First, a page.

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The Charger Bulletin

The problem with society

The Charger Bulletin

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Standing up for what you believe in is never easy, but it is even harder when your beliefs come with some sort of negative connotation from society. Anyone who knows me knows that I have very strong beliefs about animal welfare and I think, that in fighting for animal rights, I am playing my role in society. I am doing something positive, helping out to make the world a better place. But my question is—why are there so many people who are so unsupportive of people standing up for their beliefs?

When I first got involved in animal welfare, one of the first steps I made was becoming a vegetarian. Why people seem to always have some rude comment to say about my eating habits still confuses me to this day. When I first made the switch to a meat free diet, many people rolled their eyes or laughed when I said I had stopped eating meat. Most people didn’t ask why, they didn’t care to know. They were only concerned with proving their point about why you need meat to survive, which is obviously false. Those that did ask why only wanted to know so they could shoot my beliefs down, try and tell me theirs are better, discourage me and say I would go back to eating meat in a few weeks. It was very rare to encounter someone who was like, “Wow, that’s cool, good for you.”

The next step I took as I was growing as an animal activist was to volunteer at a shelter. In becoming vegetarian, I had expected to receive some negativity for my choices, because I know it is not the norm in the carnivorous USA. But receiving negative backlash from peers for volunteering in a shelter completely shocked me. I wasn’t looking for a pat on the back for what I was doing or for any recognition; I just wanted to volunteer because I liked being around animals and helping them made me feel good. Well, I heard everything from “you’re wasting your time” to people saying I think I am a “do-gooder” and better than everyone else. It was actually really confusing to me. Why would someone want to tear me down when I was trying to make a positive change?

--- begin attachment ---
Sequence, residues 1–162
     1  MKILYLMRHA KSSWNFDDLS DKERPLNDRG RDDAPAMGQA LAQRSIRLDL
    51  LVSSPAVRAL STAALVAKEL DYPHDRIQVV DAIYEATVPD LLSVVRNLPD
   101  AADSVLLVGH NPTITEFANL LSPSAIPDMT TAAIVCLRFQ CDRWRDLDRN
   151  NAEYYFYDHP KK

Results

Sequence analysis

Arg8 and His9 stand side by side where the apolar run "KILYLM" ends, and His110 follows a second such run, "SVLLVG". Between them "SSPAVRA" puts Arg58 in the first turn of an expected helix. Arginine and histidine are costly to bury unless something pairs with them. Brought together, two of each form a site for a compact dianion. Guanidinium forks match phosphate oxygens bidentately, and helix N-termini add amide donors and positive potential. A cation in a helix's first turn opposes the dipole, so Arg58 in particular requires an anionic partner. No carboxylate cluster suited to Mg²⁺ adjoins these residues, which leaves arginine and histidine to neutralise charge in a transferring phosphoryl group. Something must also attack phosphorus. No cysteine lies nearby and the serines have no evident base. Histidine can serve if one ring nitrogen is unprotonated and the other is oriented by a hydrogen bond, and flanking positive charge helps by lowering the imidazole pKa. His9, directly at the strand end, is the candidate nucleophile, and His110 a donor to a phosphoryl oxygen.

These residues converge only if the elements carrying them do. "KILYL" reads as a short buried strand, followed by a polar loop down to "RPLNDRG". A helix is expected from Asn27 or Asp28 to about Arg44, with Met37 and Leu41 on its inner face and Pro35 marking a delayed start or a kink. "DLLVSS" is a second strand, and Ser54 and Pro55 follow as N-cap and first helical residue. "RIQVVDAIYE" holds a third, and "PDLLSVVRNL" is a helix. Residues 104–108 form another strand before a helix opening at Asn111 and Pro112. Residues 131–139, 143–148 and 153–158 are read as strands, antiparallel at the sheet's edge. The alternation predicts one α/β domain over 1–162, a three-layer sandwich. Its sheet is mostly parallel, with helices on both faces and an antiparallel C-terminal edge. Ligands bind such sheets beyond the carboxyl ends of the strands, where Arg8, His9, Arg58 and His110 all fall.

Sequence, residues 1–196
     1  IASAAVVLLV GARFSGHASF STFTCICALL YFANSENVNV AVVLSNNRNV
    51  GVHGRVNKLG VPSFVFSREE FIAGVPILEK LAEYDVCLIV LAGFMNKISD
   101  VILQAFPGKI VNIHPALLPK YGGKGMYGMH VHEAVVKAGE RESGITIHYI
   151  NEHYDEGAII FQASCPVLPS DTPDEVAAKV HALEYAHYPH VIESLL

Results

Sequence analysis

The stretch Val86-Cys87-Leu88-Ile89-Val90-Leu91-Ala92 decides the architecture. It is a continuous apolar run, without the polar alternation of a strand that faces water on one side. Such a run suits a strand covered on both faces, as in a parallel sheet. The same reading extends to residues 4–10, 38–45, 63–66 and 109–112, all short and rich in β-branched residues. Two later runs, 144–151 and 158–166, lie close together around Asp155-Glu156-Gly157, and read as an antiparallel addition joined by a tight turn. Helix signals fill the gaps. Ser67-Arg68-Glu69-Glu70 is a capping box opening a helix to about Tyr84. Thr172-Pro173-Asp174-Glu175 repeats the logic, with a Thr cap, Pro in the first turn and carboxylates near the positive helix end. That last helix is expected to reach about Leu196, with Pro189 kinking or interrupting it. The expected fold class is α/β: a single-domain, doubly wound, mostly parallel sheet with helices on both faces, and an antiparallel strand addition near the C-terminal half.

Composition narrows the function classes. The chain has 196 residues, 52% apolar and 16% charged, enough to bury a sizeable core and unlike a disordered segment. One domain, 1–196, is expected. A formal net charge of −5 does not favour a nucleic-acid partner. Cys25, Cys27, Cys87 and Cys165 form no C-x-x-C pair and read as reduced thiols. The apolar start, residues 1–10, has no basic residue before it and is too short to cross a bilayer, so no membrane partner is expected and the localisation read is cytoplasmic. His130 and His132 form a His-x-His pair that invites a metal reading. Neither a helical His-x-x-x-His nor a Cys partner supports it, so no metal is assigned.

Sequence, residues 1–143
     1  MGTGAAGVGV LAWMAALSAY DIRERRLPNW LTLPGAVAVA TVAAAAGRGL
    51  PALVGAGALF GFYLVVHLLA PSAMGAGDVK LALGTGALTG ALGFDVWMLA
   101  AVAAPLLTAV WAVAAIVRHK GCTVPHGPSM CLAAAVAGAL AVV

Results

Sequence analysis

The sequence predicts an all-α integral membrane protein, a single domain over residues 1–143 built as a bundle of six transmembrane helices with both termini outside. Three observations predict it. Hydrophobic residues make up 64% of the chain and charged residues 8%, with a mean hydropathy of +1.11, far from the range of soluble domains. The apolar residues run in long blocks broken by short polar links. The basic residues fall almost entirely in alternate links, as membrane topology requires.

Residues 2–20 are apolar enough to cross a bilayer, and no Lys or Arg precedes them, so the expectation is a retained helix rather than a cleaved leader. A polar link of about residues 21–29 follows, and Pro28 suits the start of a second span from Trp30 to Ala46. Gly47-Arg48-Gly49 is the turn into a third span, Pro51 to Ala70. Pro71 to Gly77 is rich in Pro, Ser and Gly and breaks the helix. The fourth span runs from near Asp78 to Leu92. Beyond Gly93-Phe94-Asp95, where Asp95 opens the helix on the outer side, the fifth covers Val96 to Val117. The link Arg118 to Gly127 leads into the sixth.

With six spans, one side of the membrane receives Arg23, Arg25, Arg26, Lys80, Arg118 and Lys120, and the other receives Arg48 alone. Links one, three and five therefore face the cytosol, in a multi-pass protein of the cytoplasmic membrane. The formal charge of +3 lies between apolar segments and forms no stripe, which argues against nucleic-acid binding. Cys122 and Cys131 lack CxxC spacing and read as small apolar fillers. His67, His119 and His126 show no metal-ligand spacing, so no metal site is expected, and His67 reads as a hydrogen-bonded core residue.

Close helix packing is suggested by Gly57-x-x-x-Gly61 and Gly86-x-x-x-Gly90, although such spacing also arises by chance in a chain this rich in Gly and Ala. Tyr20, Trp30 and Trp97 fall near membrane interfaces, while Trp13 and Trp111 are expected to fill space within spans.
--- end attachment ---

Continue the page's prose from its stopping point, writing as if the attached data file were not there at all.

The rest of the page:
And then I got to thinking about society in general, and I realized it’s not just those fighting for animal rights that face these issues; it is everyone who stands up for something they believe in. Society places all these labels on people who have the strength to believe in something and stand by that, and I am honestly just wondering why. We have labels for just about everything and we throw them on people without ever stopping to think about the consequence that has for them. Instead of supporting one another, we step on one another.

But then it has always been this way, hasn’t it? If you look at history, the road to positive change is never an easy one for whoever is paving the way. What it comes down to is this: society is afraid of change. They will tear you down without a second thought because they are afraid of you, afraid of someone who can stand up for something, because you obviously possess greater strength than they ever could. It’s easy to label people, to judge them for their beliefs, to create negative stereotypes. But to standby your beliefs through all the adversity, to make your voice heard when people are trying to quiet you, well that takes courage, a courage that most people don’t have. I encourage everyone to stand up for what they believe in; it won’t be easy but it will be worth it. And for those members of society who try to discourage people, I want you to take a long hard look in the mirror and ask yourself: are you really proud of the person you have become?

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The Student News Source of the University of New Haven
The problem with society